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While NFL coaches, scouts and agents were haggling over several of his teammates during last weekend's draft, David Odenthal has had a chorus of major corporations bending his ear and tugging at his sleeve, attempting to lure him into the boardroom.
The starting center for the University of Toledo for the past two seasons, Odenthal had to tell the corporate big shots he'll get back to them - he's not ready to give up on football and put on a three-piece suit just yet.
Odenthal, a native of Germany who will complete work on his MBA in international business this week, wants to play football professionally in his homeland first, and then embark on that business career.
"I still have that desire to play the game, and I realize that if I don't explore that right away, it will be very difficult to do it later on," Odenthal said. "I'm just not ready to give up on football, and I'm excited about the opportunity to play in Germany [in NFL Europe]."
UT coach Tom Amstutz said Odenthal, one of just three native Germans to play Division I-A football in the United States this past season, had options most college graduates don't see.
"He's got big corporations like DaimlerChrysler offering him a lot of money to go to work for them right now," Amstutz said. "David's got a lot to offer since he has that education and speaks both languages, and these companies want him pretty bad."
The son of a German mother and father, Odenthal emigrated from Iran to Germany at the age of 17, attended the NFL Europe scouting combine in Florida recently, and said he found the opportunity that came from the combine too tempting to pass up.
"I think I made a pretty good impression in front of the scouts, and when you start thinking about playing football professionally, and playing in my hometown, this is something I really need to go after," Odenthal said.
He will return to Germany next week, to his hometown of Cologne, and join the Cologne Centurions of NFL Europe at some point. Since the NFL Europe season is already a month old, the 6-foot-3, 295 pound Odenthal won't move onto the active roster unless an injury creates an opening, but he has been guaranteed a position for next season.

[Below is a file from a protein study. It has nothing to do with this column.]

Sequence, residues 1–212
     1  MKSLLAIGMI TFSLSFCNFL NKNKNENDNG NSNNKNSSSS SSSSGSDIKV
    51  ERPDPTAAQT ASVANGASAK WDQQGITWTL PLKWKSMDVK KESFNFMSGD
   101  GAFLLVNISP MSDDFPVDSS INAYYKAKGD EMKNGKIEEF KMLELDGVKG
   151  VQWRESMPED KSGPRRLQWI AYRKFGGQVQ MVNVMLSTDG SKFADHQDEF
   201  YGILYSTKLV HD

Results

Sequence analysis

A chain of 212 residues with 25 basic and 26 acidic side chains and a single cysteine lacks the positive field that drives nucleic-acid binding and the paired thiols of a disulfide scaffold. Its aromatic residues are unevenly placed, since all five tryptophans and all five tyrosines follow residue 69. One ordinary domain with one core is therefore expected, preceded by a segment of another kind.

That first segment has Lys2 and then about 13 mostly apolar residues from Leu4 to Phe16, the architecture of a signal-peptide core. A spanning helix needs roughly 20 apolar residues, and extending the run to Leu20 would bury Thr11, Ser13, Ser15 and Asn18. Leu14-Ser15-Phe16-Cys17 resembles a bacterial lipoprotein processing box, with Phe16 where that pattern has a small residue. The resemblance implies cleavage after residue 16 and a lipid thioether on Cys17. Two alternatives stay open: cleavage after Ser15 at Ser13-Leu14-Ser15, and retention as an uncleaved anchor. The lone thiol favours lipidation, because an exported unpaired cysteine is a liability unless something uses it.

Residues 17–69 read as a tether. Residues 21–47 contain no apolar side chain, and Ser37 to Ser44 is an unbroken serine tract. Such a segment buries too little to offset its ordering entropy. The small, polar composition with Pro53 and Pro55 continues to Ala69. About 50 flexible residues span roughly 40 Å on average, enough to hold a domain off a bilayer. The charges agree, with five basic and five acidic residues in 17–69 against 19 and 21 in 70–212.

When American professional football came to Europe about 15 years ago, each team had to carry four non-American players, and in their desperation to meet that quota they took Russian bobsledders and East German track stars who had never before touched a football. Now the league has been reduced from 10 teams to six, and each is required to have at least eight "nationals" or non-Americans on their roster.
"It's not the NFL, but it's professional football and some very good players are in the league right now," Odenthal said. "There have been a number of guys who used NFL Europe as a stepping stone into the NFL here in the States, but right now I'm just looking at it as an opportunity to continue playing the sport."
Odenthal said he will coach a club team in Germany while he waits for the opportunity to step in with the Centurions. He expects one day to use his degree and his bilingual ability to work both sides of the pond in the business world.
"That will come, but now I leave here with some very valuable memories," Odenthal said. "I got to play college football in the U.S., I got to be a part of two MAC championships, and I played in a couple of bowl games. I had the chance to play football with some great guys and make some friendships I'll keep for life. I'm taking all of that back to Germany with me."
Odenthal, who five years ago used his savings to fly to the U.S., and armed only with a sack full of videotapes from his games with his club team in Germany pitched himself to the UT coaches as a sound investment, hopes to help other German players follow that route.
"Toledo took a shot at me, and they'd never had a German football player before," Odenthal said. "I think it worked out great all the way around. My playing days for the Rockets are over, but I hope this game is still a big part of my life."
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